World War Two veteran Jack Bracewell will be taking part in an emotional trip next month when he returns to Normandy for the first time since D-Day.
Jack, 94, was a driver in the Royal Army Service Corps when he landed at Gold Beach on D-Day on June 6 1944.
And now, 73 years on, Jack will be revisiting the place where many of his friends lost their lives as part of this year’s D-Day commemorations.
Born in Bradford in 1922, Jack was called up to the forces at the age of 19, joining a group of fellow Yorkshiremen training as drivers with the 12th Armoured Division.
After moving across the country as part of their training, the regiment was sent to the south coast to prepare for D-Day.
“When things started getting serious and D-Day was approaching we were moved down south,” he said.
“You wouldn’t believe the number of vehicles and soldiers, there were hundreds of thousands of us.
“We were called in the middle of the night to get on a ship and sailed over during that night.
“It was a sight to see; the sheer number of ships was unbelievable.” Jack’s troop landed at Gold Beach near Bayeux, before eventually moving inland towards Belgium and Holland.
His job was to deliver supplies such as rations and ammunition to other troops, mostly on motorbikes or in wagons.
“We were constantly delivering supplies to all the lads, “ he said.
“We didn’t know what a bed was for a long time. We just slept when and where we could.
“It was certainly an experience. We just did what we had to do.”
The troop finally arrived in Germany at the end of the war, and remained in the Plön district of Schleswig for two to three months before being demobbed in Luneburg in October 1946.
“When I got back home I realised I didn’t have all my mates around me any more, which was strange,” he said.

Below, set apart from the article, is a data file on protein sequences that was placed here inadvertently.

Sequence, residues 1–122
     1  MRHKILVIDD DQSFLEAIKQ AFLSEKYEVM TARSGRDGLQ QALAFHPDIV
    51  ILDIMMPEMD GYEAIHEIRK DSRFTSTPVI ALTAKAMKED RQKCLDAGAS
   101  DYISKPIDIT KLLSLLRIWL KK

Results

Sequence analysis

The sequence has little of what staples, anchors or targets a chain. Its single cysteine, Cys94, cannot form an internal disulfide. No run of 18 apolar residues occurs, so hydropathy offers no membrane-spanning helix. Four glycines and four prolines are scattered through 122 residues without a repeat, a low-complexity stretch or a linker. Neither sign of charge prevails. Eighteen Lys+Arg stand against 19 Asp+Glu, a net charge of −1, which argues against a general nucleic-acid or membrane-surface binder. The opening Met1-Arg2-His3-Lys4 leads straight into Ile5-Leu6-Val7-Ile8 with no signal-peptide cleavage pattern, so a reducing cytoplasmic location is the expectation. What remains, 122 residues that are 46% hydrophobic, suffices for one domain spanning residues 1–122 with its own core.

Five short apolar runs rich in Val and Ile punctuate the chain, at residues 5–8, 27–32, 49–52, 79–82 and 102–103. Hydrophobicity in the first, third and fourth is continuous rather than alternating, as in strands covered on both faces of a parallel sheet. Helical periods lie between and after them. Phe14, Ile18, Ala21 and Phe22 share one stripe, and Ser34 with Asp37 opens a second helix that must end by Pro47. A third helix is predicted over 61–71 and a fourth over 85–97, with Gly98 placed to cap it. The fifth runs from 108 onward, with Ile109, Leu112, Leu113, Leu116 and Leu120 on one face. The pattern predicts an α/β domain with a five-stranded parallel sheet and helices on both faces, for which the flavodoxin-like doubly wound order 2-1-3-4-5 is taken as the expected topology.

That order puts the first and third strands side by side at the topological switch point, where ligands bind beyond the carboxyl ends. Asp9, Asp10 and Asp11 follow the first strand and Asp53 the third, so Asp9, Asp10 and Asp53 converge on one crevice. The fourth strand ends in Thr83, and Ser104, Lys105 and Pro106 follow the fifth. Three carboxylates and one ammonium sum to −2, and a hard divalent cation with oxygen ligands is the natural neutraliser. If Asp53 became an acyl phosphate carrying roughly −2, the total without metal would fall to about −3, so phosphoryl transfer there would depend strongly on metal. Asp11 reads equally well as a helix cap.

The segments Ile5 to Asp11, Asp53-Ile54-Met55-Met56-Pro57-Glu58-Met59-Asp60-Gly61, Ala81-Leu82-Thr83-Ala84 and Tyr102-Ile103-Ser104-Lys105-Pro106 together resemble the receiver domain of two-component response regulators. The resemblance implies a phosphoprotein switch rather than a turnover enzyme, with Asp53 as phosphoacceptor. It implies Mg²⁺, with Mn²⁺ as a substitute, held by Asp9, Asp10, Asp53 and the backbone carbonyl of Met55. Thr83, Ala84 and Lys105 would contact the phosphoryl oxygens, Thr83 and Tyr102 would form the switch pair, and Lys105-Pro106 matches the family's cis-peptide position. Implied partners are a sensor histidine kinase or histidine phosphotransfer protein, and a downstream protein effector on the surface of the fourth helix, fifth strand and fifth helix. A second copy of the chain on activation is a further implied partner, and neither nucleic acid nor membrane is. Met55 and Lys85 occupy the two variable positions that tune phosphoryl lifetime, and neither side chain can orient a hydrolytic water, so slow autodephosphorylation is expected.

As a result, Jack went on to join a paratroop regiment with a childhood friend, and remained in service for another eight or nine years.
He later worked on the buses, where he met his future wife Dot, and the pair married after just six weeks when they were both 27.
They went on to have a daughter, Lynne.
Jack then started work as a delivery driver, a position which took him all over Europe – although never back to Normandy.
When Jack was 50, the family moved to Morecambe, where Jack took a job with a firm based at Heysham Port.
Dot sadly died in 2011, and Jack now lives with his daughter, Lynne Shelling, in Ellesmere Road.
He has three grandsons and five great-grandchildren.
With the help of Lynne, he is now making a memory book of his life to pass on to his grandchildren.
Lynne said: “I think it’s important for the future generations to be able to read about what happened and what men like my dad went through.”
Jack’s love of driving has never left him, although he is currently unable to do so while awaiting treatment for cataracts.
“To me driving is everything,” he said. “I have been driving for 70-0dd years, it’s my life.”
Jack will be taking the trip along with Lynne through the Return to Normandy charity, which funds the trip for war veterans.
It is also hoped that his Legion d’Honneur medal – the highest possible French honour, which all D-Day veterans are to receive – will have arrived in time for it to be officially presented at a ceremony in Normandy during their trip.
The trip includes visits to several memorial sites including Bayeux, Pegasus Bridge, Gold Bridge and Arromanches.
During the visit, Jack has also been invited to take a trip over Normandy in a microlight, an occasion which could see him feature in the Guinness Book of World Records as the oldest war veteran to do so.
“I am looking forward to it,” he said. “It will certainly bring back memories and it might be a bit weird as well.
“It will be a bit quieter this time around!
“It will be nice to get the [Legion d’Honneur] medal when so many won’t have had the chance to get theirs.
“I am just an ordinary bloke, I just did what hundreds of others did.
“I came through it and I was lucky, I don’t doubt that.
“We lost a lot of good lads.”